c. Propose mitigative measures to minimize or eliminate potential project impacts to public health and worker health and safety, as appropriate.

3. Water Resources

The EIS will:

a. Describe the existing groundwater resources within the project area, such as aquifers and springs, and the potential impacts on these resources resulting from construction and operation of the proposed new rail line.

b. Describe the existing surface water resources within the project area, including watersheds, streams, rivers, and creeks, and the potential impacts on these resources resulting from construction and operation of the proposed new rail line.

c. Describe existing wetland systems in the project area, including Four Hole Swamp, and the potential impacts on these resources resulting from construction and operation of the proposed new rail line.

d. Describe the permitting requirements that are appropriate for the proposed new rail line construction and operation regarding wetlands, stream crossings (including floodplains), water quality, and erosion control.

e. Propose mitigative measures to minimize or eliminate potential project impacts to water resources, as appropriate.

4. Biological Resources

The EIS will:

a. Describe the existing biological resources within the project area, including vegetative communities, wildlife and fisheries, and Federal and state threatened or endangered species and the potential impacts to these resources resulting from the proposed new rail line construction and operation.

b. Propose mitigative measures to minimize or eliminate potential project impacts to biological resources, as appropriate.

5. Air Quality Impacts

The EIS will:

a. Describe the potential air quality impacts resulting from the proposed new rail line construction and operation.

b. Propose mitigative measures to minimize or eliminate potential project impacts to air quality, as appropriate.

6. Geology and Soils

The EIS will:

a. Describe the native soils and geology of the proposed project area.

b. Describe the potential impacts to soils and geologic features from the proposed new rail line construction and operation.

c. Propose mitigative measures to minimize or eliminate potential project impacts on soils and geologic features, as appropriate.

7. Land Use

The EIS will:

a. Describe existing land use patterns within the project area and identify those land uses that would be potentially impacted by the proposed new rail line construction and operation.

b. Describe the potential impacts associated with the proposed new rail line construction and operation to land uses identified within the project area.

c. Propose mitigative measures to minimize or eliminate potential project impacts to land use, as appropriate.

8. Environmental Justice

The EIS will:

a. Describe the demographics of the communities potentially impacted by the construction and operation of the proposed new rail line.

b. Evaluate whether new rail line construction or operation would have a disproportionately high adverse impact on any minority or low-income group.

c. Propose mitigative measures to minimize or eliminate potential project impacts on environmental justice communities of concern, as appropriate.

9. Noise

The EIS will:

a. Describe the existing noise environment of the project area and potential noise impacts from the proposed new rail line construction and operation.

b. Propose mitigative measures to minimize or eliminate potential project impacts to noise receptors, as appropriate.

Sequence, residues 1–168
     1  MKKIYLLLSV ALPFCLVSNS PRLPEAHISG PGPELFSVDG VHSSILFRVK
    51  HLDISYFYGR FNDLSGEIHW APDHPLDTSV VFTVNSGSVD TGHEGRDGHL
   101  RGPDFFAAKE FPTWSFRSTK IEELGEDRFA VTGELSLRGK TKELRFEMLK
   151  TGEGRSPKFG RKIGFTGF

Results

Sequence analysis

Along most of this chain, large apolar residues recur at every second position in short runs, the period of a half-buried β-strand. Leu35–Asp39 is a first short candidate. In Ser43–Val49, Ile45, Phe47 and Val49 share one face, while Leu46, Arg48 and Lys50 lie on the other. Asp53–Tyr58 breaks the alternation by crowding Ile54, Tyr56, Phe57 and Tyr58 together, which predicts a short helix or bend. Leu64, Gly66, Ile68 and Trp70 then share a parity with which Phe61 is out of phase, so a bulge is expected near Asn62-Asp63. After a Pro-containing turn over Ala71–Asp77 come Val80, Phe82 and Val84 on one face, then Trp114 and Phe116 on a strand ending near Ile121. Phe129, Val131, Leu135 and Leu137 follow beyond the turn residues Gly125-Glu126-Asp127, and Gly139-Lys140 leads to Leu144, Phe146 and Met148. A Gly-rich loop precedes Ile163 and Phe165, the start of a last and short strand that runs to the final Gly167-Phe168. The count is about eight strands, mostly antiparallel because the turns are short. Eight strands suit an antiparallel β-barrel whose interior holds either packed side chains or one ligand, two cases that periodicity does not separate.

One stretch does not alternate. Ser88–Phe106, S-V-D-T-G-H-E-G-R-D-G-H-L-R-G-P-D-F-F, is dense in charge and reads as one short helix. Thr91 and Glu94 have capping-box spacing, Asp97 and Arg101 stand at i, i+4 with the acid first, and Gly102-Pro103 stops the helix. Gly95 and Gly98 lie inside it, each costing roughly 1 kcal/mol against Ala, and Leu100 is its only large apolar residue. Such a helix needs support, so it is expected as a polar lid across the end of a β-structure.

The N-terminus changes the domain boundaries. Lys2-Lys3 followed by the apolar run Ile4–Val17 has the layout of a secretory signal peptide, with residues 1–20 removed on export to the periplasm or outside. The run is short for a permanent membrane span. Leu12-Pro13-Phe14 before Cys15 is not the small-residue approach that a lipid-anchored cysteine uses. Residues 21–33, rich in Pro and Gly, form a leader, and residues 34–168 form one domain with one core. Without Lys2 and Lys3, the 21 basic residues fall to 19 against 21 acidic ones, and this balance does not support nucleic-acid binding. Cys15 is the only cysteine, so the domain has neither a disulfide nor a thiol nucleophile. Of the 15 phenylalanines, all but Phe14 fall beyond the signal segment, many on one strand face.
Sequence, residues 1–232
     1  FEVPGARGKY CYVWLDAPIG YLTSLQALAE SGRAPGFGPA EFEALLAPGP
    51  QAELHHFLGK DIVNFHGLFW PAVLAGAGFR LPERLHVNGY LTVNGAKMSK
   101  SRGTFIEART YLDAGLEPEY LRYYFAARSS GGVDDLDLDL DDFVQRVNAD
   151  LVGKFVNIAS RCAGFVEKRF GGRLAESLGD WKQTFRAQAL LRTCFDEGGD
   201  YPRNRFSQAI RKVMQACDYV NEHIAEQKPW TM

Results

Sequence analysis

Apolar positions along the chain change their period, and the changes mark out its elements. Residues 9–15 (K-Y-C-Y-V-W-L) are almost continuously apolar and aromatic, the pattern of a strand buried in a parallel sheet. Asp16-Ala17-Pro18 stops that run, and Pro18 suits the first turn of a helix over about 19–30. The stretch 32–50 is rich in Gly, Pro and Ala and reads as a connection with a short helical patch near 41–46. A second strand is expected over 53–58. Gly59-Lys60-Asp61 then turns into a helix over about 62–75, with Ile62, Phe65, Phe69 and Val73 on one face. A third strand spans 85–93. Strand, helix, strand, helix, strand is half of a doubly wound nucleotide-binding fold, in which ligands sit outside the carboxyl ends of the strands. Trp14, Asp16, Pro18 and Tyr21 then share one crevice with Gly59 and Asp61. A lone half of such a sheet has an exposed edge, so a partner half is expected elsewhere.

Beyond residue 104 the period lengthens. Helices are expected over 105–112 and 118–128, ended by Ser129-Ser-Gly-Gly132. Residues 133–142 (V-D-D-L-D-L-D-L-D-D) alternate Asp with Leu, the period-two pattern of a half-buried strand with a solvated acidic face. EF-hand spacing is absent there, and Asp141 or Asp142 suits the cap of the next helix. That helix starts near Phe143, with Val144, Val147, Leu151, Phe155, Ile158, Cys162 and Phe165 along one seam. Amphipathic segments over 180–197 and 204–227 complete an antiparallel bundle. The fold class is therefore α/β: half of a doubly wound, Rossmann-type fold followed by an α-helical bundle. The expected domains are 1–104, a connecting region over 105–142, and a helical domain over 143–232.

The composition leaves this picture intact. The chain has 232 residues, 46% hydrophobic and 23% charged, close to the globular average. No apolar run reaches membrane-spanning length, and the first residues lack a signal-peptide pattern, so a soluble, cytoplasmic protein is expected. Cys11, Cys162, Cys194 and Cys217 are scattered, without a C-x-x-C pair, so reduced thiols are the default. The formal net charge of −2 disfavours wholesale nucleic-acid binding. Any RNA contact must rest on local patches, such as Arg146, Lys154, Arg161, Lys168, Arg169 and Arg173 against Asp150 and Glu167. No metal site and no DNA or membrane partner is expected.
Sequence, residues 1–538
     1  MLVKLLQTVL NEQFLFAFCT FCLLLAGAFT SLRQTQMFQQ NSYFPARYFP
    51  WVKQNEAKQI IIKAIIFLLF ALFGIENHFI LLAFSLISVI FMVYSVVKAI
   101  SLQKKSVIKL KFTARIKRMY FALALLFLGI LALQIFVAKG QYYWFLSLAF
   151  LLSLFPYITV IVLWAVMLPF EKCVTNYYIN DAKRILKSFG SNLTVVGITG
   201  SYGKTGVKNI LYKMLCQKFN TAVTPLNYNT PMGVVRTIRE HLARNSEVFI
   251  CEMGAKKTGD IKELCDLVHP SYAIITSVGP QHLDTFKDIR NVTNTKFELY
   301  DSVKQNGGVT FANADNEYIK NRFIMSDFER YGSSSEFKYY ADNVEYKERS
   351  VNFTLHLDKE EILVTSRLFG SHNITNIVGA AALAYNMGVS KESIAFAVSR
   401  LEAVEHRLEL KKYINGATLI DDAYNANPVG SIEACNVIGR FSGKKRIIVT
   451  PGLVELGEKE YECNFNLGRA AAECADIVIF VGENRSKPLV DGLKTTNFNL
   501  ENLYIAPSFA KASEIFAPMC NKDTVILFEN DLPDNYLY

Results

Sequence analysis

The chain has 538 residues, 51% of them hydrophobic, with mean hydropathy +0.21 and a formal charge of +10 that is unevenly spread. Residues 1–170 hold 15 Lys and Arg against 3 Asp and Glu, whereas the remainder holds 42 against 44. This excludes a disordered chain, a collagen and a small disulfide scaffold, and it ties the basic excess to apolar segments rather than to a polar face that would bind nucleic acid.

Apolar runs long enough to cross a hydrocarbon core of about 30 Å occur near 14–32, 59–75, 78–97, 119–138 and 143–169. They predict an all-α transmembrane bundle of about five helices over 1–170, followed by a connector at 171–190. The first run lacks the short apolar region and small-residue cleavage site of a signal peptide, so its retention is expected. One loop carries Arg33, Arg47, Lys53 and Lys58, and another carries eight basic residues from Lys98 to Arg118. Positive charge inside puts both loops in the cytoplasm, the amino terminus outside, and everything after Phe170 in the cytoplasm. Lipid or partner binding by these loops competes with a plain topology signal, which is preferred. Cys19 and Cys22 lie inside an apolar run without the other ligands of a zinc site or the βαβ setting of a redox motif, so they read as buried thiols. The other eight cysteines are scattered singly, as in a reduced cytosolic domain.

10. Vibration

The EIS will:

a. Describe the potential vibration impacts from the proposed new rail line construction and operation.

b. Propose mitigative measures to minimize or eliminate potential project impacts from vibration, as appropriate.

11. Recreation and Visual Resources

The EIS will:

a. Describe existing recreation and visual resources in the proposed project area and potential impacts to recreation and visual resources from construction and operation of the proposed new rail line.

b. Propose mitigative measures to minimize or eliminate potential project impacts to recreation and visual resources, as appropriate.

12. Cultural Resources

The EIS will:

a. Describe the cultural resources in the area of the proposed project and potential impacts to cultural resources from the proposed new rail line construction and operation.

b. Describe the NHPA section 106 process for the proposed project, and Start Printed Page 9192propose mitigative measures to minimize or eliminate potential project impacts to cultural resources, as appropriate.

13. Socioeconomics

The EIS will:

a. Describe the demographic characteristics of the project area.

b. Describe the potential environmental impacts to employment and the local economy as a result of the proposed new rail line construction and operation.

c. Propose mitigative measures to minimize or eliminate potential project adverse impacts to socioeconomic resources, as appropriate.

14. Cumulative and Indirect Impacts

The EIS will:

a. Address any identified potential cumulative impacts of the proposed new rail line construction and operation, as appropriate. Cumulative impacts are the impacts on the environment which result from the incremental impact of the action when added to other past, present, and reasonably foreseeable future actions regardless of what agency (Federal or non-federal) or person undertakes such actions.

b. Address any identified potential in direct impacts of the proposed new rail line construction and operation, as appropriate. Indirect impacts are impacts that are caused by the action and are later in time or farther removed in distance, but are still reasonably foreseeable.

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Decided: February 16, 2006.

By the Board, Victoria Rutson, Chief, Section of Environmental Analysis.

Vernon A. Williams,

Secretary.

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[FR Doc. E6-2456 Filed 2-21-06; 8:45 am]

BILLING CODE 4915-00-P